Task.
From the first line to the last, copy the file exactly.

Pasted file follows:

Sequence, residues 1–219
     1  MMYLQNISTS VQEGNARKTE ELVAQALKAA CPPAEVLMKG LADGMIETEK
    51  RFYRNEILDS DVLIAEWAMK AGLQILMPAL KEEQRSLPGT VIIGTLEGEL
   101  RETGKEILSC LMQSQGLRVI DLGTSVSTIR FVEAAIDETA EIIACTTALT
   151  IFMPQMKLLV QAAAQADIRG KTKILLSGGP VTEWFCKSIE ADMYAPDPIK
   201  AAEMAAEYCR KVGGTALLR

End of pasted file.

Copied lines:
Sequence, residues 1–219
     1  MMYLQNISTS VQEGNARKTE ELVAQALKAA CPPAEVLMKG LADGMIETEK
    51  RFYRNEILDS DVLIAEWAMK AGLQILMPAL KEEQRSLPGT VIIGTLEGEL
   101  RETGKEILSC LMQSQGLRVI DLGTSVSTIR FVEAAIDETA EIIACTTALT
   151  IFMPQMKLLV QAAAQADIRG KTKILLSGGP VTEWFCKSIE ADMYAPDPIK
   201  AAEMAAEYCR KVGGTALLR